Transformation in efficiency

11 December 2018

Dr Alex Mardapittas, CEO of Powerstar, a provider of smart energy solutions, highlights the importance of distribution transformers for industrial facilities and discusses requirements for smarter solutions.

Distribution transformers are often underappreciated despite being an essential part of the energy infrastructure as they enable energy supplied by the grid to be used by businesses. Due to this vital function, distribution transformers are energised 24 hours a day and 7 days a week in most cases, even when they do not carry an electrical load. In the case of large, industrial businesses in sectors such as manufacturing and engineering, many companies own multiple distribution transformers due to site requirements.

Given their significance, it is surprising that distribution transformers have been left behind as technology has developed, often not being upgraded or integrated with modern technology but instead left isolated and offline with no indication of performance aside from annual maintenance inspections.

Recently however, the market has welcomed a step-change in HV infrastructure equipment, hailed as a smart distribution transformer. Such products, such as Powerstar SO-LO, are now available and are slowly changing the face of the industry. These transformers have been designed Industry 4.0 ready and can therefore report on condition and operation in real-time alongside having the ability to be integrated with other facility monitoring solutions for a holistic view of a site’s energy performance.

Smart transformers provide similar benefits to other connected solutions due to the remote monitoring capabilities which are often built-in. This remote monitoring functionality can provide top-level information displaying useful grid information, conditional performance and energy efficiency reports. This data can be crucial in identifying where further efficiencies can be delivered to ensure the best return on investment in addition to ensuring that the condition of the transformer can be constantly reported on and preventative maintenance can be carried out as necessary, enabling a more cost-effective approach to running distribution transformers. This is of particular importance to energy intensive sectors as they face the task of reducing energy and costs as sustainability pressures intensify.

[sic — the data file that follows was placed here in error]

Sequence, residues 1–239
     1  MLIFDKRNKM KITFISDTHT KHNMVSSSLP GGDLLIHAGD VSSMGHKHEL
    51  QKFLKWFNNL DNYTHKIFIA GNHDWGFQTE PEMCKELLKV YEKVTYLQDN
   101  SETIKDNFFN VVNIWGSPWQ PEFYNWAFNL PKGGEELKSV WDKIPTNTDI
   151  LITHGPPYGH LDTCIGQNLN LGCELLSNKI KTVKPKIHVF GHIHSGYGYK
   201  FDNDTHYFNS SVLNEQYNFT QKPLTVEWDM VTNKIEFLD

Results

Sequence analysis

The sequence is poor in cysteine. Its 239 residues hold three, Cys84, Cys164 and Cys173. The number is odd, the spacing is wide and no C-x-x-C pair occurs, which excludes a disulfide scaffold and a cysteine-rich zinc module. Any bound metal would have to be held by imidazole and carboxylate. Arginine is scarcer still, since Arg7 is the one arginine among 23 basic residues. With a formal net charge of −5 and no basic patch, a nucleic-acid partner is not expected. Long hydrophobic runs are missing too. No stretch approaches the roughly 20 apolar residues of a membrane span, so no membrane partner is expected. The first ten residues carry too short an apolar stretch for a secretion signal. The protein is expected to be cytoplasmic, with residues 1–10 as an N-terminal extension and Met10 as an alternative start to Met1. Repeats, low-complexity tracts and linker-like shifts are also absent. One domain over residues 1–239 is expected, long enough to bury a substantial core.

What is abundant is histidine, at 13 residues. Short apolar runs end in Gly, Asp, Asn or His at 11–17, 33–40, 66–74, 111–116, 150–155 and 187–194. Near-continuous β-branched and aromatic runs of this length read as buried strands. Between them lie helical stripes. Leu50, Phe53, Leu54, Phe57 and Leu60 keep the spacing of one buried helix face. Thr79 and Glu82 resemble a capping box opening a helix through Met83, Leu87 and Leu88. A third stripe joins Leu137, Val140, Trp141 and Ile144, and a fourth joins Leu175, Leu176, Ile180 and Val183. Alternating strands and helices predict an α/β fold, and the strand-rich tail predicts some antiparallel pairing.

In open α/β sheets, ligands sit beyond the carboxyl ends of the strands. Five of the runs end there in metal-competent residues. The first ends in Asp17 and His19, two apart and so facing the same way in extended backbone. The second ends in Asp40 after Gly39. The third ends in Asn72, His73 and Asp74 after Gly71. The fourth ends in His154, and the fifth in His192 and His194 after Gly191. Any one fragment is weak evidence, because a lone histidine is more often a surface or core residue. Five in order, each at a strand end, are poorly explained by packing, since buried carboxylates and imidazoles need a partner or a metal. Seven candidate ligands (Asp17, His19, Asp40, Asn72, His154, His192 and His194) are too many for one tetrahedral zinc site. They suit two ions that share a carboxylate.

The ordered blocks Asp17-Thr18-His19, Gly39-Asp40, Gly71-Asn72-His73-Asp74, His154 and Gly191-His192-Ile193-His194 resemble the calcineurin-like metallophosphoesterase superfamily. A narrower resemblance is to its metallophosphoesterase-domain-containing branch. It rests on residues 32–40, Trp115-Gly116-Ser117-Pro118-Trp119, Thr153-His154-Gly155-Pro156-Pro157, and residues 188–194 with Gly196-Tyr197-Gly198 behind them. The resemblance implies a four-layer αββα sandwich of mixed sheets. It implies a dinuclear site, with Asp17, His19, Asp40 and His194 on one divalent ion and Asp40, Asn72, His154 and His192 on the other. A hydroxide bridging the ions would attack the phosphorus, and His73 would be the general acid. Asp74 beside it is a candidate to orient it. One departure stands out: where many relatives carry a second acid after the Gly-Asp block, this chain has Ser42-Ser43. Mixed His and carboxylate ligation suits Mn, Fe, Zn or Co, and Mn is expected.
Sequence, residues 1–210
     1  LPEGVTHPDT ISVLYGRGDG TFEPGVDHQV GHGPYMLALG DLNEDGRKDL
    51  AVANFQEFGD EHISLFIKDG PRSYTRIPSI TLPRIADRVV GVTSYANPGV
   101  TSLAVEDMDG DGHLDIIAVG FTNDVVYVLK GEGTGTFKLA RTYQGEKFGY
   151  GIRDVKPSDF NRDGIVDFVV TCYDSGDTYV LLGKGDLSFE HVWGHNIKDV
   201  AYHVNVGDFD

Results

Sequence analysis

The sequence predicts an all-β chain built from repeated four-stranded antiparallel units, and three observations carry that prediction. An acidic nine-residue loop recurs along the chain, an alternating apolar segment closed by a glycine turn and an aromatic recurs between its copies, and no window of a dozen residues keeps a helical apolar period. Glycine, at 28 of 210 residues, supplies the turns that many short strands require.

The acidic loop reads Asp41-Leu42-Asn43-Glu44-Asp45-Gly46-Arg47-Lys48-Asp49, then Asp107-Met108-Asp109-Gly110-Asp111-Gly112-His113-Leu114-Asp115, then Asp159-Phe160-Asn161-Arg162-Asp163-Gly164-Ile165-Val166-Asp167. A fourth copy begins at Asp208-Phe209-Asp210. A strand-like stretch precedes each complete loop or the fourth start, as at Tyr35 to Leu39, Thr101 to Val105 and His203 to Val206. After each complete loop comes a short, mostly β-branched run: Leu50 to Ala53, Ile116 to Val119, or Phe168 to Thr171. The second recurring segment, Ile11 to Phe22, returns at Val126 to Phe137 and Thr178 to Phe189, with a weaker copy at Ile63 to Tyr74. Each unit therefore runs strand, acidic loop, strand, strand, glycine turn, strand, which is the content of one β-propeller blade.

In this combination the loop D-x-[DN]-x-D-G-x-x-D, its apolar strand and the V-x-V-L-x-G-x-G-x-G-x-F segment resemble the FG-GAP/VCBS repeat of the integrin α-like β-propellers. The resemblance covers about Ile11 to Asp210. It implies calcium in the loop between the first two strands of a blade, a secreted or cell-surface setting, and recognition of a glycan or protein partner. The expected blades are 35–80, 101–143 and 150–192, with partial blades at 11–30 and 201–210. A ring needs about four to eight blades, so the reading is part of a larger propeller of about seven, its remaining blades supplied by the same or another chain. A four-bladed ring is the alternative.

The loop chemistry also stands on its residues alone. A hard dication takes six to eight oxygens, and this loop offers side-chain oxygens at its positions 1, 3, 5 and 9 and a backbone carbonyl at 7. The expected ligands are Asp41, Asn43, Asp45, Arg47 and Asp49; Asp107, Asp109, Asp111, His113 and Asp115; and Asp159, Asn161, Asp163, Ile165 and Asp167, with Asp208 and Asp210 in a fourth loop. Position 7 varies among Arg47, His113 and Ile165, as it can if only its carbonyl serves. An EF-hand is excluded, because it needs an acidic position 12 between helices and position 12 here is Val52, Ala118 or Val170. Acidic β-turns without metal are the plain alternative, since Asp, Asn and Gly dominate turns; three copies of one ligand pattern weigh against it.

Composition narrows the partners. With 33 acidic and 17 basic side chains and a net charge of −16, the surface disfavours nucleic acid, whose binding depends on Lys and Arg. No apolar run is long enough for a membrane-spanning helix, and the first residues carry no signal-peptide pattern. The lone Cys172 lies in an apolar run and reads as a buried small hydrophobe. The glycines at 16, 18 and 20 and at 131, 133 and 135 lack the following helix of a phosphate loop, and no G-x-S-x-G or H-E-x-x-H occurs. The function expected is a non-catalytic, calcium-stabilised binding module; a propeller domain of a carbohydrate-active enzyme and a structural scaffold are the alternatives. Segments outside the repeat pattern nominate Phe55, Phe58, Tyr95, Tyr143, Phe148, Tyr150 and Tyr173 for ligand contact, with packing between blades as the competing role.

At the core of the solution

A further issue with traditional transformers is that the technology at the core of the solution has not been optimised to support potential energy savings. The most common form of distribution transformers are manufactured using cold rolled grain oriented silicon steel (CRGO) laminations. However, leading-edge solutions use different technology at their core to maximise sustainability, such as amorphous alloy. 

Amorphous alloy has a flexible atom structure, in contrast to the rigid cores in traditional CRGO transformers, which enables a quicker rate of magnetisation and demagnetisation to occur. This quicker rate of switching magnetisation results in improved efficiencies and consequently reduces load losses and CO2 emissions.

Due to being a mature technology which has been widely tested in a variety of applications, studies have definitively proved the effectiveness of amorphous core transformers. This is particularly evident as when compared with ageing CRGO transformers, amorphous core transformers can generally deliver up to 75% lower core electricity losses.

With the latest leading distribution transformers combining remote monitoring capabilities with an amorphous core it seems that finally, distribution transformers are being brought into the 21st century.